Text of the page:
Jerome Williams has stayed true to form after all these years: still hungry, still hustling. Still doing whatever it takes to make those around him better.
It's the mentality that earned him his iconic "Junkyard Dog" nickname, and made him a beloved teammate in stops with the Detroit Pistons, Toronto Raptors, New York Knicks, and Chicago Bulls over his nine-year NBA career. Perhaps more importantly, it's the drive that bought Williams respect in whatever community he's called home, from each of his NBA cities, to Washington, D.C. (where he attended Georgetown), to coaching at Findlay Prep in Las Vegas, to his charity work abroad.
Now, the 45-year-old is applying his wealth of experience to the burgeoning world of three-on-three basketball. As the president of the recently announced Young3 initiative, Williams is going back to his roots in hopes of cultivating three-on-three basketball's expansion from the ground up.
The half-court cousin of the five-a-side game has been legitimized of late. It's no longer just the sport of college rec centers and kids playing in the driveway. Between the announcement that three-on-three basketball will be on the Olympic program for the 2020 Tokyo Games, and the success of last summer's inaugural season of the BIG3 - the barnstorming three-on-three league featuring a host of retired NBA stars and co-founded by Ice Cube - the sport is breaking through on all fronts. Sowing seeds at the youth level is the next step in ensuring its long-term future.
"What BIG3 did is it opened up kids' eyes," Williams told theScore in early June. "'Wow, ex-NBA players are playing 3-on-3 professionally.' So they say, 'Hmm that's a thought, maybe I could do that.' Then it becomes an Olympic sport and they say, 'Whoa, hold on; that means I could train for something and get a gold medal?' ...
"Then it comes down to, 'Where do I go to get trained in 3-on-3 basketball?' That's where the Young3 comes in."
On each Thursday prior to Friday's main events on the BIG3 tour this summer, Williams' Young3 will host three-on-three skills clinics and tournaments for kids ages 7-14.
Beyond promoting physical activity, instilling confidence, and giving kids a constructive outlet, Young3's three-on-three basketball offers a unique atmosphere for player development - one that Williams said has serious benefits over five-on-five.
"That's where I developed my game for the NBA," he said.
Though Williams never averaged double digits in scoring in any of his nine NBA seasons, the 6-foot-9 forward was the glue that bound his teams together. In the heart of his career, from 1999-2004, he averaged 7.7 points, 7.6 rebounds, and 1.3 steals per game, crashing around the court with a joyful abandon that made him a fan favorite.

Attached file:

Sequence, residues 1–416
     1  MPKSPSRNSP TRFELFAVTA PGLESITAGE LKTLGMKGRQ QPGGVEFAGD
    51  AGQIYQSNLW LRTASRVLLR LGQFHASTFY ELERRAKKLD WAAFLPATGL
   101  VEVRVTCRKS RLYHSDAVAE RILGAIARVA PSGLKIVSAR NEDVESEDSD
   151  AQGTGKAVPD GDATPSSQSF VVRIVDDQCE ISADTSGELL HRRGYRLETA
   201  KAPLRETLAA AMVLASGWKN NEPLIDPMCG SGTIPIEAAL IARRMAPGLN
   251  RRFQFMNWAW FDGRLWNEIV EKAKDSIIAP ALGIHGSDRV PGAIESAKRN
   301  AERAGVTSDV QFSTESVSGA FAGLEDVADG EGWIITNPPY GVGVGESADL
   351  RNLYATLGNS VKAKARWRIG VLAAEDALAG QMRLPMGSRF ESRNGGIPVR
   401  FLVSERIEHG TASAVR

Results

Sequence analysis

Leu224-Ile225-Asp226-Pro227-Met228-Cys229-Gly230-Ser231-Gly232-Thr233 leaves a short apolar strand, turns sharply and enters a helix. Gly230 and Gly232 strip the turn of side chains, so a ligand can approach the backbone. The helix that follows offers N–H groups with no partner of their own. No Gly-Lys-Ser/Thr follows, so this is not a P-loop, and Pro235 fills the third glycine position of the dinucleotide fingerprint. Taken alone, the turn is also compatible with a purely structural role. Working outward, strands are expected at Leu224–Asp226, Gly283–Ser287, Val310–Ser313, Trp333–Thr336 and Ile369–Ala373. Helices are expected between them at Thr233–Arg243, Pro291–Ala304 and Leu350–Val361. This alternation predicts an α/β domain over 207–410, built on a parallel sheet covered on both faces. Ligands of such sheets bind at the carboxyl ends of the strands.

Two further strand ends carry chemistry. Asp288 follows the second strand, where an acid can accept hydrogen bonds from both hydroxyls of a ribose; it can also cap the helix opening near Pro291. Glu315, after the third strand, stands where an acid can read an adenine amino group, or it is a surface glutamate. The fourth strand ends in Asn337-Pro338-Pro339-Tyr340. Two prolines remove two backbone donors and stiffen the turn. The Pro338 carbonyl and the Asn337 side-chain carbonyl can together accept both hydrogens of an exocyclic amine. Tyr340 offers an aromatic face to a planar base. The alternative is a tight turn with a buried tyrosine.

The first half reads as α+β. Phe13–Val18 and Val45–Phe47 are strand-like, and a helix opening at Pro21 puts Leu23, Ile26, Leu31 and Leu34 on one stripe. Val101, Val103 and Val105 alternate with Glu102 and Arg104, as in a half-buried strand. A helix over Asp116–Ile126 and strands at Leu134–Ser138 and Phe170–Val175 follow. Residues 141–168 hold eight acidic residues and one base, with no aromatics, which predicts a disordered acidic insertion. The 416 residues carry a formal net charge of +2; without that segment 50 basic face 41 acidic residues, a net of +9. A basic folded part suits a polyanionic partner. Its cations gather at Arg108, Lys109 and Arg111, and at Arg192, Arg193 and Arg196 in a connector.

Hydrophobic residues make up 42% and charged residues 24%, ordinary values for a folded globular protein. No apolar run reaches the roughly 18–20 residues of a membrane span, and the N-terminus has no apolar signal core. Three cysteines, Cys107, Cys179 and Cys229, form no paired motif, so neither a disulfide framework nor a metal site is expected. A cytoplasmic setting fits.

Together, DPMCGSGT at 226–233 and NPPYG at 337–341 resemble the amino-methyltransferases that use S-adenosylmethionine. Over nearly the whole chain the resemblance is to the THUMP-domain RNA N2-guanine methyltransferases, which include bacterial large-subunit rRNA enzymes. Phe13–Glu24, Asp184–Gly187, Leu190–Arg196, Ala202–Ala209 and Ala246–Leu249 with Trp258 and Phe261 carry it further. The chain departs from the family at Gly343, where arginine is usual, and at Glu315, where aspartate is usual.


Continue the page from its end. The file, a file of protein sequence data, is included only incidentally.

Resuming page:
"For the most part, the teams I came to in the NBA didn't need scoring," Williams said. "They needed people to set good screens, rebound, and play good defense. They still needed to be able to score, but that was something that they didn't need to be relied upon to do. That's where the development of the Junkyard Dog mentality (came from). When I was playing, that was my number one priority. And the fans took notice. They really appreciated the hustle, the hard work, and that type of drive."
Given its technical differences with five-on-five basketball, it's not hard to see how Williams' all-around pro game found its roots in three-on-three ball, where weaknesses in one's game become much more pronounced.
"In five-on-five, you can pick your spots," he said. "You can say, 'Hey, I'm just a shooter,' and then they can hide you on defense. You can say, 'I'm just a rebounder,' and then they can hide you on offense. You can say, 'I'm just a defender,' in five-on-five, but in three-on-three you have to have all the skills. ... You can't hide, you have to do something."
There's no hiding three-on-three's growth potential, either. Traditionalists may balk at the idea of it being an Olympic sport, but as soon as one nation is crowned the first three-on-three Olympic champion, the heightened stakes will come into focus, fertilizing the sport's appeal.
As for Williams, the unique and powerful connection between the pro players of the past and the young hoopers of tomorrow is a crucial aspect of his lifelong approach to youth mentorship.
"I just enjoy giving back," said Williams, who has been involved in various initiatives like The JYD Project, Shooting for Peace, and Basketball Without Borders since his playing days. "I enjoy doing programs for kids to give them an outlet. Just remembering my time as a youth, if I ever had a chance to work with an NBA player, how much that would've meant to me."
Beyond that instant gratification of helping out, it could take much longer for Williams to see the results of the seeds sown by the Young3. As early as 2020, but more realistically in 2024 and onward, a member of this summer's cohort could very well stand on an Olympic podium.